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- TRRT March 4-10 | Online Edition
Insulation and efficiency upgrades pay off
By Drs. Robert & Sonia Vogl
President and Vice President, Illinois Renewable Energy Association
Some pioneering efforts to encourage solar energy and efficiency in the 1970s included a solar business district in Soldiers Grove, Wis., a community-wide energy efficiency program in Osage, Iowa, and a Bigelow solar energy subdivision in Aurora, Ill.
These projects demonstrated the value of high levels of insulation for reduced heating and cooling costs, while providing increased home comfort. With new construction, it is possible to construct buildings that produce all the energy needed to operate them over the course of a year.
Existing buildings can also be modified in cost-effective ways to cut their energy consumption by 30 percent or more. Before the upgrades are performed, a visual inspection of the building, along with an energy audit, blower door test and infrared image scan can identify air leaks and existing insulation levels.
The collected data are used to create a detailed report identifying the areas that can be repaired, sealed and insulated to boost the building’s efficiency. The owner knows in advance of doing the work the needed remedies, the expected results and the cost of the upgrades.
The process can be compared to having X-rays and body scans before medical procedures are undertaken. The personnel involved in the work must be properly trained to ensure a successful project.
About 80 homes in Rockford received energy efficiency upgrades thanks to a federal grant that offset some of the costs. The work was performed by appropriately trained personnel from two area firms, Saunders Insulation and Home Focus.
Energy efficiency programs can be implemented on a community-wide basis. Murray, a small town in rural Ohio, combined a variety of government and utility programs into one effort that enabled 74 percent of homeowners to benefit from energy efficiency upgrades. Given the abstract nature of energy efficiency, it is a challenge to secure citizen interest in such a program.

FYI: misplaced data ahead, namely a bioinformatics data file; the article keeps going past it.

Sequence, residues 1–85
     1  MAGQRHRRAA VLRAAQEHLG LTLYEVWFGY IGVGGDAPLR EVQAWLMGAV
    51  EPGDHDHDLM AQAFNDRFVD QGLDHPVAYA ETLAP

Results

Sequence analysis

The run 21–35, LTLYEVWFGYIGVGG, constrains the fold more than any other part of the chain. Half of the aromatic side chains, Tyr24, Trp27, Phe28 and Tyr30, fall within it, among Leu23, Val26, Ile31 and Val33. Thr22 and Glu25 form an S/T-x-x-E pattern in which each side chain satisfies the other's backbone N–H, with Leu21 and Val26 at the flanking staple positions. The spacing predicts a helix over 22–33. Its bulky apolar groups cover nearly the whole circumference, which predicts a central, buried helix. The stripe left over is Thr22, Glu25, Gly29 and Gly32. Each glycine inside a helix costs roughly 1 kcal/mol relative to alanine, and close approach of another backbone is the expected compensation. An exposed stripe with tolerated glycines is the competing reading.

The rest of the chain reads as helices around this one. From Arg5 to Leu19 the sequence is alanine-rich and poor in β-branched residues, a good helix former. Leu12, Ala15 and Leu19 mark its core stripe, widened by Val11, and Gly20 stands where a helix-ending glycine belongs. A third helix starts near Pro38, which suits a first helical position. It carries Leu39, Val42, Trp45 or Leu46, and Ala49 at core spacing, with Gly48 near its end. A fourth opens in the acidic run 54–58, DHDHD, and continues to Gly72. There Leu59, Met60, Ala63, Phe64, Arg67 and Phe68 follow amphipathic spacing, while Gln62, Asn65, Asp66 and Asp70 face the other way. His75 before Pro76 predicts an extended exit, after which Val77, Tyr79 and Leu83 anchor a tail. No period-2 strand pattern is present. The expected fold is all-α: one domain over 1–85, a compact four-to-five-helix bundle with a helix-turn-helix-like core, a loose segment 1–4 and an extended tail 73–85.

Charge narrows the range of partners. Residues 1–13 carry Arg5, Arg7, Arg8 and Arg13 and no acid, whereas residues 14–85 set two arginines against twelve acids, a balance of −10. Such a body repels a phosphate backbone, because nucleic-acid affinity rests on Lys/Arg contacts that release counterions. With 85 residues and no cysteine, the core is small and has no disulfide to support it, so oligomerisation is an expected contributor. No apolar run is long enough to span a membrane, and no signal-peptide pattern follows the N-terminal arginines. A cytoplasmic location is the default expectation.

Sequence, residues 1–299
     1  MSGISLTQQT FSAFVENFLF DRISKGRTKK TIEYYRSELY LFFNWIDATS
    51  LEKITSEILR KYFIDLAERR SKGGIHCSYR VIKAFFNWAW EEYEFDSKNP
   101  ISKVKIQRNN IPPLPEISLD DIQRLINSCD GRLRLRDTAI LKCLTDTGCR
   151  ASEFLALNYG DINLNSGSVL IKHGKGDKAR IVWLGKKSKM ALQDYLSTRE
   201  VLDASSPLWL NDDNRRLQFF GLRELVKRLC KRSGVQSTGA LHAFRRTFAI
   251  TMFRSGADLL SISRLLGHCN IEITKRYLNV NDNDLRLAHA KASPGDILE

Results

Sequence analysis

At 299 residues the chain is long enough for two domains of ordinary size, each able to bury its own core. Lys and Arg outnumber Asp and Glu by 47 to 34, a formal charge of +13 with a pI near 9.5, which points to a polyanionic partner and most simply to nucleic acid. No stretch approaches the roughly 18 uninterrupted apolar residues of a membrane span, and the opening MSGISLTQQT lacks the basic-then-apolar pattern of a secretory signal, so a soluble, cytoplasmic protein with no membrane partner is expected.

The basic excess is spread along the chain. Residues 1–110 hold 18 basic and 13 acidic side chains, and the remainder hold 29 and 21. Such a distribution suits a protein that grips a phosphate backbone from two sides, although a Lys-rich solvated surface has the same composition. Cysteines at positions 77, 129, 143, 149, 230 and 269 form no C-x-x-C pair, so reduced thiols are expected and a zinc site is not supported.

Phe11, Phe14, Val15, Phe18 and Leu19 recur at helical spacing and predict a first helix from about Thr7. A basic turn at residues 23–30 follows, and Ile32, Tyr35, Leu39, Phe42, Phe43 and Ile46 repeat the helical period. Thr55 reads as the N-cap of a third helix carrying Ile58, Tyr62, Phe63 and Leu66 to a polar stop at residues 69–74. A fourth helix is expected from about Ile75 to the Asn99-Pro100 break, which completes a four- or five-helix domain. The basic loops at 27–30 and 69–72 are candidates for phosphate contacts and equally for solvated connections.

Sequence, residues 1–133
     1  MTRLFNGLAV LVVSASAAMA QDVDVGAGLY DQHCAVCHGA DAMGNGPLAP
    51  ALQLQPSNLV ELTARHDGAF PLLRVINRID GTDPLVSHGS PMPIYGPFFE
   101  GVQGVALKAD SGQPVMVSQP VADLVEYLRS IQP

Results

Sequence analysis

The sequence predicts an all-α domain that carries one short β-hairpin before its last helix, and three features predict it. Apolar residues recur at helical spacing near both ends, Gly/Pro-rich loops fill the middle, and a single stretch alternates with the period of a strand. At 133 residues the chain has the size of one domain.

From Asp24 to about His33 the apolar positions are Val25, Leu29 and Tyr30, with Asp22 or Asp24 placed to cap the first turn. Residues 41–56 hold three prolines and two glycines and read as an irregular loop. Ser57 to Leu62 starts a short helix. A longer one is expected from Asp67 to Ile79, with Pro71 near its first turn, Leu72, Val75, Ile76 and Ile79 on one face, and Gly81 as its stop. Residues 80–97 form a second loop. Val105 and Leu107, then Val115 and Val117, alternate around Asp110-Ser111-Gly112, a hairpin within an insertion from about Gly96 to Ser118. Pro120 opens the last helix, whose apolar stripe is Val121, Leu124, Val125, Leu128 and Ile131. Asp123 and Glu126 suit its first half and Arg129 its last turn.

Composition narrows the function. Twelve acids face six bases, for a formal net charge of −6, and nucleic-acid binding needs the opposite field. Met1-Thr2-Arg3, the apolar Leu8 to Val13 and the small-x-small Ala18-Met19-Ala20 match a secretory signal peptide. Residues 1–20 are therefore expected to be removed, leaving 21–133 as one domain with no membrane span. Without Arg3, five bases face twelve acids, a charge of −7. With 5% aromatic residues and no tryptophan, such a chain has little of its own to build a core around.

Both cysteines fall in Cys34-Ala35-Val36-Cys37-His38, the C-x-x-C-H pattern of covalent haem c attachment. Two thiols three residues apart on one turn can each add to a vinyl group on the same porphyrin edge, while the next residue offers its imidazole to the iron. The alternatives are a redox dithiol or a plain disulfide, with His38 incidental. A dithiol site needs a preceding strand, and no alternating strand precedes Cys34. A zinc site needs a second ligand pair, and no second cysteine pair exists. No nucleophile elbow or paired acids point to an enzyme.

An effective strategy for convincing homeowners of the need for energy upgrades was used in Osage, Iowa. An infrared aerial survey of the town was done, and owners from each neighborhood were invited a block at a time to view the heat loss from their homes shown by the infrared photos. After the work was completed, Osage, with a population of slightly fewer than 4,000, realized benefits in energy savings exceeding millions annually.
A community-wide energy efficiency program properly designed and implemented could both pay for itself over time and improve the economic viability of the community. Equipment sales from local stores needed for the upgrades would increase, as would the number of workers needed to implement the improvements.
Current low natural gas prices weaken consumers’ commitment to energy efficiency. But with volatile energy prices, a longer-term perspective is sensible. After having energy audits on our 100-year-old farmhouse, we sealed drafts and insulated more than 35 years ago, cutting our heating fuel consumption, reducing our energy bills and providing improved comfort.
When energy prices were low, savings were less, but there were years when energy prices spiked to astronomical levels. Over the long-term perspective, the benefits are substantial.
Drs. Robert and Sonia Vogl are founders and officers of the Illinois Renewable Energy Association (IREA) and coordinate the annual Renewable Energy and Sustainable Lifestyle Fair. E-mail firstname.lastname@example.org.
From the March 27-April 2, 2013, issue